Trump: Politics Are Delaying Infrastructure Plan
President Donald Trump promoted his plan to use a mix of taxpayer-funded debt financing, public-private partnerships, and direct taxpayer funding to spur infrastructure construction.
President Donald Trump visited the International Union of Operating Engineers Local 18 training facility in Richwood, Ohio, promoting his plan to use a mix of taxpayer-funded debt financing, public-private partnerships, and direct taxpayer funding to spur infrastructure construction.
Addressing the labor union on March 29, Trump said political games were delaying implementation of his infrastructure plan.
“I have asked Republicans and Democrats in Congress to come together and deliver the biggest and boldest infrastructure plan in the last half-century,” Trump said. “I don’t think you’re going to get Democrat support very much, and you’ll probably have to wait until after the election, which isn’t so long down the road, but we’re going to get this infrastructure going.”
The White House released a 55-page memorandum outlining Trump’s priorities for government infrastructure spending in February. No legislation implementing the plan has yet been proposed in Congress.
Trump signed a $1.3 trillion omnibus spending bill in March that increases federal infrastructure outlays by $21 billion, short of the $200 billion increase requested in his 2019 budget proposal.
‘It’s a Mixed Bag’
Michael Sargent, a transportation policy analyst with The Heritage Foundation, says the reforms in the president’s infrastructure proposal are more encouraging than the conventional elements.
“It’s a mixed bag overall,” Sargent said. “You have the funding part, which dictates how they’re going to spend the $200 billion, then you have the reform aspect to it, which I think has a lot more notable and encouraging policy.”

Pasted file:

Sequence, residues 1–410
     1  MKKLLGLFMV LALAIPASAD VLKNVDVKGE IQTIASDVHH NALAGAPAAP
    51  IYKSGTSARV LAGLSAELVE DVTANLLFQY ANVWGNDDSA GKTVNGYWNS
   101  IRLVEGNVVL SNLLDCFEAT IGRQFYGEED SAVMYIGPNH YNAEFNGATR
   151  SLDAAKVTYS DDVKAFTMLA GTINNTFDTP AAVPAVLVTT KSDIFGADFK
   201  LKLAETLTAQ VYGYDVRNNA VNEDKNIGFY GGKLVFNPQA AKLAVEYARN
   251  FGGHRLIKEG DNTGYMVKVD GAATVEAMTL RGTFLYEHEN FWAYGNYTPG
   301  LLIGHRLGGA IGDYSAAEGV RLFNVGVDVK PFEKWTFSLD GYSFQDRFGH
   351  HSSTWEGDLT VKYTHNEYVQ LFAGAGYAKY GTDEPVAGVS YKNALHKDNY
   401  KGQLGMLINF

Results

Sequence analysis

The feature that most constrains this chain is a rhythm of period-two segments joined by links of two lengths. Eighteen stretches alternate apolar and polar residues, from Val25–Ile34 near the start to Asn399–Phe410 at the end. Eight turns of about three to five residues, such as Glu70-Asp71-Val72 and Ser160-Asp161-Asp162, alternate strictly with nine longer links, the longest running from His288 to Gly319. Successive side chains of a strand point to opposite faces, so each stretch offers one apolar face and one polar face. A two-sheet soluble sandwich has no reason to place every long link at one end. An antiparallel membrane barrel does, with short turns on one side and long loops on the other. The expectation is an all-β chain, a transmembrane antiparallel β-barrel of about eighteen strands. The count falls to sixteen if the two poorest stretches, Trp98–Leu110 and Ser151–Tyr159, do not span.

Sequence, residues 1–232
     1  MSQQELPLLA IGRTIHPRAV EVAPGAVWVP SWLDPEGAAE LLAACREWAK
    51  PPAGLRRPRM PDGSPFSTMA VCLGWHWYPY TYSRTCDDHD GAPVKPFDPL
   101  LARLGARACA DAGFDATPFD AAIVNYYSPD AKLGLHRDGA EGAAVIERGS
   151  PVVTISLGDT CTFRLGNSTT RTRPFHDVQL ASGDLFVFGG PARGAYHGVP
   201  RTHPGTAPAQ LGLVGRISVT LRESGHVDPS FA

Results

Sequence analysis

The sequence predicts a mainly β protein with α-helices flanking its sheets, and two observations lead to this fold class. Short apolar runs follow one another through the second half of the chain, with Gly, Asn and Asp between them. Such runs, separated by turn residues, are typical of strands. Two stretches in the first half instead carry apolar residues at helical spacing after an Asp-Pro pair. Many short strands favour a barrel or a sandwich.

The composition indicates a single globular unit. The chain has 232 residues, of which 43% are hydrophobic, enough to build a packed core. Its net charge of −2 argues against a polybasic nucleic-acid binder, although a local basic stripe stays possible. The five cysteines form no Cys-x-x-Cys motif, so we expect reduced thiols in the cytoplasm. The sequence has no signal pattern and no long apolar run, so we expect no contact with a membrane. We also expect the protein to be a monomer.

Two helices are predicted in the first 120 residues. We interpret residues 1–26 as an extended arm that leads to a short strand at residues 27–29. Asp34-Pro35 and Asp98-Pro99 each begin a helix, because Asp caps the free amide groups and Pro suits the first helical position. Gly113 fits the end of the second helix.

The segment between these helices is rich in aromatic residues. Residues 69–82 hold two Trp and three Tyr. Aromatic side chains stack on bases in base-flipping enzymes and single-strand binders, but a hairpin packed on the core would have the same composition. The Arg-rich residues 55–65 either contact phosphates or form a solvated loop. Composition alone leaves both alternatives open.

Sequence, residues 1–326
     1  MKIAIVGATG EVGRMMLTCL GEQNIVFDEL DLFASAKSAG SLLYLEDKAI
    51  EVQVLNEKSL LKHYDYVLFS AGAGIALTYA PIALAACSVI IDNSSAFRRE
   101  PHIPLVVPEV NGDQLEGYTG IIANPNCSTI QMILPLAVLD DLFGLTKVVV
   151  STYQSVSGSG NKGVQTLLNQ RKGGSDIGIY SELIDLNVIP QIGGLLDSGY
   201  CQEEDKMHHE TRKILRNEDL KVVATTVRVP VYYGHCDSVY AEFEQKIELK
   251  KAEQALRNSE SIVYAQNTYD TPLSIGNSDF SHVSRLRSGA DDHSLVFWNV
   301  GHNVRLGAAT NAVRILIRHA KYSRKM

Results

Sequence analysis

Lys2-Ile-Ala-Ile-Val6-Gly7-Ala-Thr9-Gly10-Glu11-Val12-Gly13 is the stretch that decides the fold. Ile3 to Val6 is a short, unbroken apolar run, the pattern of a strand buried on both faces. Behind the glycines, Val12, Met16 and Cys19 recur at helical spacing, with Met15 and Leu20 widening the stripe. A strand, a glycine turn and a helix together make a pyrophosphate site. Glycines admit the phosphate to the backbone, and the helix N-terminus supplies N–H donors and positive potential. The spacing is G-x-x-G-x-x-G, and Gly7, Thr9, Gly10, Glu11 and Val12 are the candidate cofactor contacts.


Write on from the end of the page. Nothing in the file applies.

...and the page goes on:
Trump’s plan includes reviewing how federal laws hamstring local and state public-works projects, Sargent says.
“It basically looks at the laundry list of the different laws which govern our infrastructure at the federal level,” Sargent said. “Because the federal government owns relatively little civilian infrastructure, these laws are what they use to control state and local governments when it comes to the operation of our infrastructure. A lot of these laws are in drastic need of reform.”
Skeptical Toward Politicians
Randal O’Toole, a senior fellow at the Cato Institute, says politics and road-building don’t mix.
“The thing that’s curious to me is that the whole infrastructure debate was raised because people have been complaining about crumbling infrastructure,” O’Toole said. “The reason we have crumbling infrastructure is because we let politicians decide how some of our infrastructure money is spent.”
“When politicians make the decisions, the decisions end up being bad,” O’Toole said. “The problem with Trump’s plan is he doesn’t delegate any of the money for rehabilitation. All the money can be used on either new projects or rehabilitation, and who gets to decide? Politicians.”